By Brandelyn Twellman
Though the industry is experiencing challenges such as increased consumer demands, consolidations, tariffs, weight restrictions and more, there are no surprise concerns in the current international container shipping environment, according to experts at the 2020 U.S. Soy Global Trade Exchange & Specialty Grains Conference. While export barriers are present, panelists in a session on container shipping are confident the industry is prepared to overcome.
One challenge is the frustration shippers are experiencing due to canceled and reduced bookings of soy, said Bob Sinner, SB&B Foods president and SSGA Competitive Shipping Action Team chair, while moderating the panel discussion. Global schedule reliability and sailings have been affected by factors such as imposed tariffs and COVID-19, but industry stability has rebounded.
“We have actually seen schedule reliability improve gradually through the second quarter of this year. We have also seen the average of vessel delays less so. About the average of one day when we see delays happening.”
-Uffe Ostergaard, Hapag Lloyd
What these trends don’t include is blank container sailings. Fifteen percent of sailings were canceled throughout the second quarter of the year, according to Ostergaard. The fifteen percent peaked in May and June, but has come down significantly throughout the third quarter in July and August.
“The number of blank sailings is far less,” Ostergaard said. “I think in August we were looking at less than five percent of blank sailings in total.”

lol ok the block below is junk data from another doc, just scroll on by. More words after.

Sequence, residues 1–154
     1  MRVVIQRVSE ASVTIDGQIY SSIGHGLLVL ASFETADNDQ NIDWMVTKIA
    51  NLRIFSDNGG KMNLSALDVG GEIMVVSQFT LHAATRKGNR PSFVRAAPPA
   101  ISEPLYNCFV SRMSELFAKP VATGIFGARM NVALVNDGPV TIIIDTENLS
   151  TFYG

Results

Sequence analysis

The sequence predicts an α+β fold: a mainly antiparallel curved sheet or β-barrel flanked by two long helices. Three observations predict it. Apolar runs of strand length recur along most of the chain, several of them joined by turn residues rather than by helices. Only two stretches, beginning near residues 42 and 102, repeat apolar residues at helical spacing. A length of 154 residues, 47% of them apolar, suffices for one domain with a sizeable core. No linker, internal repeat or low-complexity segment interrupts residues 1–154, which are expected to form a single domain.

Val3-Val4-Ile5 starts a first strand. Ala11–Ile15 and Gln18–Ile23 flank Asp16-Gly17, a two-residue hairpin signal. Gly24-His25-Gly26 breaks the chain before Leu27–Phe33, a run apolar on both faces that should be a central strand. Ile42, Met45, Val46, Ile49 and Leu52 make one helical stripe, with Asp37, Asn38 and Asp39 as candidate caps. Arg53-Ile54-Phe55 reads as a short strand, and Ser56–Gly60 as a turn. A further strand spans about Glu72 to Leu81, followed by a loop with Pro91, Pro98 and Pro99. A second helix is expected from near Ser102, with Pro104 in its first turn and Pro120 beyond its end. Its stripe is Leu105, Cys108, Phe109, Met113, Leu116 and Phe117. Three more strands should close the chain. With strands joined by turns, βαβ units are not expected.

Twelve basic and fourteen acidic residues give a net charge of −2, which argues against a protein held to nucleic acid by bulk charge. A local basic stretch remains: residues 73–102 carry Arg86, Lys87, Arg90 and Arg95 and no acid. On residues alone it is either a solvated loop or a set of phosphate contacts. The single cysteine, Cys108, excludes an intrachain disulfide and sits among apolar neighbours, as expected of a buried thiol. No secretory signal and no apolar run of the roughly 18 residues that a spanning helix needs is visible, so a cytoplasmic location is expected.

Imports are flowing into the U.S. again, and the current demand outlook is strong, he added. Ostergaard projects reliability to remain intact, though the rate of canceled sailings may rise again before the end of the year.
Carriers are looking toward proactive communication and visibility to help ease the frustrations of last minute cancellations.
Gene Seroka of the Port of Los Angeles views these trends, along with industry barriers and challenges, as a container shipping equation.
“Connecting that importer to exporter, moving the empty container, fashioning truck and rail services are all parts to this equation that needs to be solved,” he said.
Components of the equation vary by geographic location, adding to its complexity.
Restrictions are another challenge the industry is working to overcome, according to Peter Friedmann of Agriculture Transportation Coalition (ATC).
“In the United States, we have multiple options for soybean and other agriculture enforced product exports,” he said.
To ensure each option is accessible and fully benefiting the shipping industry, ATC is working with railroads to eliminate weight and other restrictions that affect the export of agriculture products.
Despite logistical challenges, Roger Mortenson of Grain Millers Specialty Products is confident of the industry’s ability to take advantage of new opportunities and come out on top.
“It all leaves a little question on how well things will go this next year,” he said. “But, I also believe that chaos creates opportunity.”
Mortenson said current chaos is creating the opportunity for a more unified team approach as an industry. The key to this team approach? Communication. Whether it’s suppliers, exporters or importers, communication of the current environment and your needs is the strategy Mortenson suggests to push through.